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Myocardial perfusion scintigraphy is a noninvasive modality with high sensitivity for the diagnosis and evaluation of coronary artery disease. Physiologically significant coronary stenoses may be evaluated in populations with known or suspected coronary disease, after therapeutic interventions, preoperatively for risk assessment, and for prognostication after acute ischemia or infarction.

A more recent application of this technique has been made to the patients presenting to the ED with chest pain. In a subset of patients with an intermediate or low probability of coronary artery disease and chest pain (unstable angina), the missed diagnosis of coronary artery disease has been reported as high as 5 to 8 percent.12 and 3 As many as a third of patients with acute myocardial infarction do not have electrocardiographic (ECG) changes suggestive or diagnostic of ischemia, many of which have baseline ECG abnormalities.

Several centers around the country have used myocardial perfusion scintigraphy to further classify this subset into high-risk and low-risk categories to reduce the incidence of missed acute ischemic coronary syndromes and the number of unnecessary hospital admissions for noncardiac chest pain. In a large study at the Medical College of Virginia involving 1187 patients, 99mTc-sestamibi perfusion imaging was used in defining the critical pathways in this population. 4 Used with established clinical criteria, the cardiac event rate at 1-year follow-up for patients with abnormal scan findings was 42 percent versus 3 percent (revascularization) for those with a normal scan findings. In those with abnormal scan findings, 11 percent experienced myocardial infarction and 8 percent suffered cardiac death; in those with normal scan findings, none had myocardial infarction or death. other centers around the country are reporting similarly favorable results. 56

The nuclear perfusion imaging protocol performed in the ED is very similar to conventional myocardial perfusion stress protocols with the exception that the injections are performed at rest during chest pain. Preliminary reports indicate that timing of injection during chest pain may improve diagnostic sensitivity; however, other centers have reported good results with injections performed up to within 12 h of the chest pain. 7 99mTc-sestamibi or tetrofosmin are used because of their favorable imaging properties of minimal redistribution and lower radiation dosimetry compared with 201Tl chloride. After intravenous injection, these 99mTc tracers are highly extracted and retained for several hours within the myocardium in a distribution proportional to coronary blood flow. This permits imaging several hours later after additional ED evaluation or intervention. Because of the more favorable dosimetry of 99mTc tracers, a higher dosage approaching 7 to 10 times the injected dose of 201Tl is typically used. This permits high-quality tomographic imaging (single-photon emission computed tomograpy or SPECT) and ECG gating, which provides additional information, including assessment of wall motion, wall thickening, and left ventricular ejection fraction. In patients with a normal findings on resting perfusion study, further evaluation with a stress myocardial perfusion study may be performed with them as outpatients. Preliminary studies have shown the cost effectiveness of this risk stratification, and further studies are currently in progress. FigurĀ§..l.5Z.-.6, Figure..57z7 (.Pla.t.e...Z), and Figure..,.5.7z8 (PIate.8) illustrate the utility of myocardial perfusion scintigraphy in a patient with acute chest pain.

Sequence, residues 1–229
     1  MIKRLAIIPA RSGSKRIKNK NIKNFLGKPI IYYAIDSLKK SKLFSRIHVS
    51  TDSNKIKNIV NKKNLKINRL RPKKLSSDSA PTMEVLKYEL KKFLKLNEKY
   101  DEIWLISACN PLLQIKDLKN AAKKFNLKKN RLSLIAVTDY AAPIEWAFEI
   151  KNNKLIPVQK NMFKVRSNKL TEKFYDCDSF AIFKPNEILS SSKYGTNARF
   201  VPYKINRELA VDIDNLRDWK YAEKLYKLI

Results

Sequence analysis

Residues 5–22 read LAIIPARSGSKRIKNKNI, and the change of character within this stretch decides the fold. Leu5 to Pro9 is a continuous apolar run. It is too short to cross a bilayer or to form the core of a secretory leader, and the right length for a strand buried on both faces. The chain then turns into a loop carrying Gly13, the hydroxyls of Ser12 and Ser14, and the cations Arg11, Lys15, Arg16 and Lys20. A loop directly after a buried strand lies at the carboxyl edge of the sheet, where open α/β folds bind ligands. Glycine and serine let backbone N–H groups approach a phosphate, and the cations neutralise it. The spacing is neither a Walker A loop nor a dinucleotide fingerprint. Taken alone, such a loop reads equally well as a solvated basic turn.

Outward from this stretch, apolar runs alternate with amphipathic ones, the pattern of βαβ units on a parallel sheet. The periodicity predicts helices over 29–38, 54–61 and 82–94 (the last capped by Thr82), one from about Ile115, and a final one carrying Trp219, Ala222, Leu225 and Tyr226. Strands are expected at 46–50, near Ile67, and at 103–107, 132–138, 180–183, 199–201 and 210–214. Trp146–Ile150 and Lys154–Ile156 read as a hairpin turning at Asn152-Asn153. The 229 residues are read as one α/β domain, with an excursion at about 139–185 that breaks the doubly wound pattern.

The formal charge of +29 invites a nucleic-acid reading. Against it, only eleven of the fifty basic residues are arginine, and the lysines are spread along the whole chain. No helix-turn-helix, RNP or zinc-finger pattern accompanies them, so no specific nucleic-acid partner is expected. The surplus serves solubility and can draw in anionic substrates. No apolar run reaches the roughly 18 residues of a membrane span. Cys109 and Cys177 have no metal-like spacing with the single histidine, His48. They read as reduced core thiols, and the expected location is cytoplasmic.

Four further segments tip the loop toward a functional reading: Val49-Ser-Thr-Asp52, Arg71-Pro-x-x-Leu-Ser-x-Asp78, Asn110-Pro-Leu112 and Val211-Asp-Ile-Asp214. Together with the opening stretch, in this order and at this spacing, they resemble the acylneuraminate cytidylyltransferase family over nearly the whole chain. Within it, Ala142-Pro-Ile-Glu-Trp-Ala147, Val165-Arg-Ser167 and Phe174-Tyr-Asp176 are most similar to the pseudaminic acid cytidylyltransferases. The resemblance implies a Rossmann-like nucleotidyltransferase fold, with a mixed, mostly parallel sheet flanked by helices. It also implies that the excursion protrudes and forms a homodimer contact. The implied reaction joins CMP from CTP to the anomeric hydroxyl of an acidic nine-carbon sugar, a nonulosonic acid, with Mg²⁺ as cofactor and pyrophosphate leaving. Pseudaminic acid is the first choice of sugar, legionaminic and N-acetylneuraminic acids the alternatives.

FIG. 57-6. A 59-year-old white hypertensive man who arrived at the emergency department with 6 h of intermittent chest pain. Findings on physical examination and electrocardiography were unremarkable. Initial cardiac enzyme levels (CK-MB, myoglobin, and troponin T) were normal. 99mTc-sestamibi SPECT perfusion images show a moderate area of hypoperfusion in the middle and proximal inferolateral wall. The patient went directly to catheterization, which showed a 95 percent circumflex marginal stenosis that was successfully treated by angioplasty. (Courtesy of Ethan Spiegler, MD.)

FIG. 57-6. A 59-year-old white hypertensive man who arrived at the emergency department with 6 h of intermittent chest pain. Findings on physical examination and electrocardiography were unremarkable. Initial cardiac enzyme levels (CK-MB, myoglobin, and troponin T) were normal. 99mTc-sestamibi SPECT perfusion images show a moderate area of hypoperfusion in the middle and proximal inferolateral wall. The patient went directly to catheterization, which showed a 95 percent circumflex marginal stenosis that was successfully treated by angioplasty. (Courtesy of Ethan Spiegler, MD.)

Inferolateral HypokinesisInferolateral Hypokinesis

FIG. 57-8. (Plate8). Bull's-eye representation of gated SPECT data. Hypoperfusion of the proximal inferolateral wall as well as mild hypokinesis and diminished wall thickening. There is preserved global left ventricular function.

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